Provide your email for confirmation

Tell us a bit about yourself

country *
province *

why we ask about location

Please provide your email address


To share your thoughts

Don't have an account?

Login with email

Check your inbox

We just sent a link to your inbox. Click the link to continue signing in. Can’t find it? Check your spam & junk mail.

Didn't get a link?

Sign up

Ready to get started

Already have an account?

Sign up with email

By signing up you agree to Rappler’s Terms and Conditions and Privacy

Check your inbox

We just sent a link to your inbox. Click the link to continue registering. Can’t find it? Check your spam & junk mail.

Didn't get a link?

Join Rappler+

How often would you like to pay?

Monthly Subscription

Your payment was interrupted

Exiting the registration flow at this point will mean you will loose your progress

Your payment didn’t go through

Exiting the registration flow at this point will mean you will loose your progress

Family food from a food family

MANILA, Philippines - The Quezon City area is filled with various dining establishments that it would be impossible to run out of choices for places to pig out in. 

Restaurants worthy of romantic dates proliferate Katipunan Extension. Tomas Morato is home to bars for the bachelors and partygoers. For those going solo, budget-friendly diners are lined up along Maginhawa Street.

But if you’re celebrating a brother’s birthday, a godson’s baptism or a daughter’s graduation, there are familiar names along West Avenue that know family dining — because they are run by a family.

For the family, by a family

DAD's ROASTS, THE 'CROWN jewels' of the continental cuisine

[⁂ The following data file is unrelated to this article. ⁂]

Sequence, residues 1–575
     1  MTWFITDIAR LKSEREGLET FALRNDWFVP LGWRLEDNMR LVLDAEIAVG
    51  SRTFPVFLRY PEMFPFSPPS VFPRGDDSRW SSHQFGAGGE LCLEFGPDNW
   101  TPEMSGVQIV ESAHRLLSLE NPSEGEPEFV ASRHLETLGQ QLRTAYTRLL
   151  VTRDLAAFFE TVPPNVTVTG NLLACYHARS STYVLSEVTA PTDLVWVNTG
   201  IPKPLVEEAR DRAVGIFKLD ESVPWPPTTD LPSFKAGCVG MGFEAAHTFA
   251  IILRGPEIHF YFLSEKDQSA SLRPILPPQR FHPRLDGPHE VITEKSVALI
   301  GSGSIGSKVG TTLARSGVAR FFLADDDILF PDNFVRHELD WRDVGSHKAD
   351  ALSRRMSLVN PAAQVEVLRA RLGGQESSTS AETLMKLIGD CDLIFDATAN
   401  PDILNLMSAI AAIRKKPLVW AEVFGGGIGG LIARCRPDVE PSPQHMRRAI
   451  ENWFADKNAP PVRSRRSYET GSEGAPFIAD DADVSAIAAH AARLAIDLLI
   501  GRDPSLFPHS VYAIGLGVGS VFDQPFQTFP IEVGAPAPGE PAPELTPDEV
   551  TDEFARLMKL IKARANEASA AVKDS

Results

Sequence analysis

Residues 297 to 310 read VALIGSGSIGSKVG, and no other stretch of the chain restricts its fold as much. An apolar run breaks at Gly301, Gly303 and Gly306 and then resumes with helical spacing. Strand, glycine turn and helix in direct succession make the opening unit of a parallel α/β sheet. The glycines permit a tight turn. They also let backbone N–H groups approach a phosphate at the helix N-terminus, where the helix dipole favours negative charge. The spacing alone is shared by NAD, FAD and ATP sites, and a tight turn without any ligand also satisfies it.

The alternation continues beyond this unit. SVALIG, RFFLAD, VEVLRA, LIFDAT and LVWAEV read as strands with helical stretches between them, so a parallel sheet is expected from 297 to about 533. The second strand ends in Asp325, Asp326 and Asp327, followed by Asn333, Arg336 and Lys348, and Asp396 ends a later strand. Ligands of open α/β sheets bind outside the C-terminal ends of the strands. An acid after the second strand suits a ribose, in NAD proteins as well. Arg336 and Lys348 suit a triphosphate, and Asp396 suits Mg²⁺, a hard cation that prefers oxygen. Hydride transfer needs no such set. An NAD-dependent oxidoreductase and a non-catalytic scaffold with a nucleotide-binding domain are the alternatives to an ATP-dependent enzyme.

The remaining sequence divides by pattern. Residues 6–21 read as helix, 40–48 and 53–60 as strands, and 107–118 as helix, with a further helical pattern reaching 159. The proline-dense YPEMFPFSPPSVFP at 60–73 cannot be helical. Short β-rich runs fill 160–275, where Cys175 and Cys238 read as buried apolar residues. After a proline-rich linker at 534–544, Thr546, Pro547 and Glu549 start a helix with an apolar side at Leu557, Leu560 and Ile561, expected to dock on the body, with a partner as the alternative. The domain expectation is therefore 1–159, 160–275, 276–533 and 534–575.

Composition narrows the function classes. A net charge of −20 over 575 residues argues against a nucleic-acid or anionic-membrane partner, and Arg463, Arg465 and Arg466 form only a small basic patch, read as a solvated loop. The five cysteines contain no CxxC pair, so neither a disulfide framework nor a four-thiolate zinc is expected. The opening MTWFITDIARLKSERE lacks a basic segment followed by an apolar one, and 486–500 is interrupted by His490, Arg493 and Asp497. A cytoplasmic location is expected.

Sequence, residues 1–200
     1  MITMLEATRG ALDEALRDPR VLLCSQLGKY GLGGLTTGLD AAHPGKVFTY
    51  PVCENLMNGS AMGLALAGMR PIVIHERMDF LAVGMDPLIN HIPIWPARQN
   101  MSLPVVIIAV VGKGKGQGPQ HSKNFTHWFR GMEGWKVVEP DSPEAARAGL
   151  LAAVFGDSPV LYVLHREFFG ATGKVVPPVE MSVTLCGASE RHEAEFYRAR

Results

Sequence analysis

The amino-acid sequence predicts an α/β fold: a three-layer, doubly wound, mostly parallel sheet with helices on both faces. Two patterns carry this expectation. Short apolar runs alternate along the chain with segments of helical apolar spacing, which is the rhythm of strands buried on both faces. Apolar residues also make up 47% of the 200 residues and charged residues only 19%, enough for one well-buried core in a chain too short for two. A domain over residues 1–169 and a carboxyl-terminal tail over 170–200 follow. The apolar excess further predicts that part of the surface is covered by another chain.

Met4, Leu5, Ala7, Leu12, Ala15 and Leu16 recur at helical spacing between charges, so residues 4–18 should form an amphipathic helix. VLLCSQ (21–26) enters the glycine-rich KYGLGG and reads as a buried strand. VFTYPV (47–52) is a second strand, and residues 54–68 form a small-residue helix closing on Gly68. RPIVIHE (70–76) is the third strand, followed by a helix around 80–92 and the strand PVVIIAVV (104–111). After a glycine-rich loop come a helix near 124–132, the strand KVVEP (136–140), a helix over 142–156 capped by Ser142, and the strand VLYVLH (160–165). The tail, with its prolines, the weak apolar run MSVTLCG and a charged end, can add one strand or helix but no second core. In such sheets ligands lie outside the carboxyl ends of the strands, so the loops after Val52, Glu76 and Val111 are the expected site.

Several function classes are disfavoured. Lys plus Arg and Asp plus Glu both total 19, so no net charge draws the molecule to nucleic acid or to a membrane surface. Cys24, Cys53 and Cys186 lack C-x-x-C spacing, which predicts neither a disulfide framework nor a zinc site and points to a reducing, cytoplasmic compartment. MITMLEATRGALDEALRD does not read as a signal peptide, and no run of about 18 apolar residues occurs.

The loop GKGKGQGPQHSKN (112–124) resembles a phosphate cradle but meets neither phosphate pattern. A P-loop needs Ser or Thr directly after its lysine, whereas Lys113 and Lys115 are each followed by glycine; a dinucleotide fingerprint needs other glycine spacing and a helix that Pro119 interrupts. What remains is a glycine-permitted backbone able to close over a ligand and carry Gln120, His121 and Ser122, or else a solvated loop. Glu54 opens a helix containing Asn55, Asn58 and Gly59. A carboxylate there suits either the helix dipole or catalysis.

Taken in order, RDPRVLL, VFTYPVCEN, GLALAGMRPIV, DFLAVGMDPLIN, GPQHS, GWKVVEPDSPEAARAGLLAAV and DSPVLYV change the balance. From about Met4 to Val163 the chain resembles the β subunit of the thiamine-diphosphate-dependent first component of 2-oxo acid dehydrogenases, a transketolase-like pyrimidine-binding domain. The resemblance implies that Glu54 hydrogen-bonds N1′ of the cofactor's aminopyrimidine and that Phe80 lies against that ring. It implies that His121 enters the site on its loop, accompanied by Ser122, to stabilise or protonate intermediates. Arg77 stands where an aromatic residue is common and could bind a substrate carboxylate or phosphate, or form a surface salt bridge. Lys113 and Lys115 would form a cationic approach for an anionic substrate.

For over 30 years now, a two-story building near the corner of West and Quezon Avenues has been housing the Dad’s, Kamayan and Saisaki restaurants. After renovations were finished in mid-2012, the establishment has been able to accommodate another branch of Korean buffet wonder Sambo Kojin — only the 3rd in the entire country.

The makeover came as a way to ensure that families will continue to make a tradition of eating from their restaurants.

“We want the next generation of families who have celebrated with us to continue celebrating with us,” says Mara Villavicencio, managing director of Dad’s, Kamayan and Saisaki.

“You can’t stay the same. They’ll think you’re not taking care of your customers,” adds her brother Bokie, managing director of Sambo Kojin.


The two siblings, together with Mara’s twin sister Cara V. Espinosa (also a managing director of Dad’s, Kamayan and Saisaki), manage the day-to-day operations of the 4 restaurants.

At the helm of this food empire is their father, First Foods president Vicvic Villavicencio, who founded and perfected the eat-all-you-can style 3 decades ago.

Dad’s serves continental cuisine; Kamayan features Filipino food; Saisaki offers Japanese; Sambo Kojin features Korean, with the yakiniku smokeless grill as an exclusive feature.

(Food) safety first!


More than the physical capability of housing more than 500 customers, the Villavicencio family makes sure that the dining experience is worth it  — not only in price, but also in safety.

The store renovations included innovations to make sure that the food is served as fresh as possible.

Among these is the introduction of chillers found in Saisaki and Sambo Kojin. The chillers have thermostats that automatically adjust temperature to ensure that food sanitation is met for the sushi bars and the raw ingredients (for Sambo Kojin’s grill). 

“With the chillers, the temperature is set and it it kept consistent,” shares Bokie. “Who wants to eat hot sushi anyway?”


Another safety measure of the restaurant quartet is the theater-type kitchen (yes, a la "Iron Chef"). Before, the chefs and cooks would be inside closed-door kitchens, taking some time for empty dishes to be replenished.

With the theater-type kitchen, the ones responsible in preparing the food are placed directly behind the buffet. This means that the cooks see first-hand when and how much dishes are needed, and make sure that the dishes are cooked and served fresh. 

The cooks are not only able to refill at once, but they are also able to estimate the initial amount of food to prepare as customers come inside the establishment in their plain sight.

After all, as Bokie says: “a tempura is only as good as how fresh it is cooked.” -